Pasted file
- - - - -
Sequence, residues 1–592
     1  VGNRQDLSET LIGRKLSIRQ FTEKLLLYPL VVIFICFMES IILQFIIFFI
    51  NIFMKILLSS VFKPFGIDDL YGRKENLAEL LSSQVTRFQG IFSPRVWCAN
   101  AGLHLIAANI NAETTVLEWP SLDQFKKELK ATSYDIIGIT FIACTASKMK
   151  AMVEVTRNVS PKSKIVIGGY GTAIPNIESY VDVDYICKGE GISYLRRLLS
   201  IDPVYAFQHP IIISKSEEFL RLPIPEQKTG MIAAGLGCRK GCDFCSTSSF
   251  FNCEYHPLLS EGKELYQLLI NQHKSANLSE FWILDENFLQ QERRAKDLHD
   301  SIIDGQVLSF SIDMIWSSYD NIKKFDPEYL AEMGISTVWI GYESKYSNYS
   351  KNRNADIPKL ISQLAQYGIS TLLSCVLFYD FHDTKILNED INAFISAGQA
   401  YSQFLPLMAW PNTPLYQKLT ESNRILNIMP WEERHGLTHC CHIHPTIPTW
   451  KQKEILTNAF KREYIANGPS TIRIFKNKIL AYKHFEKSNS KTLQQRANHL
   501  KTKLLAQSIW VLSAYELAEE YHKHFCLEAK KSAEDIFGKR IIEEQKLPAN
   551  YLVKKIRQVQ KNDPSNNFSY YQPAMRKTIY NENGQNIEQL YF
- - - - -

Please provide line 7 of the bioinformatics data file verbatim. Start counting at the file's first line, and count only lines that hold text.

   251  FNCEYHPLLS EGKELYQLLI NQHKSANLSE FWILDENFLQ QERRAKDLHD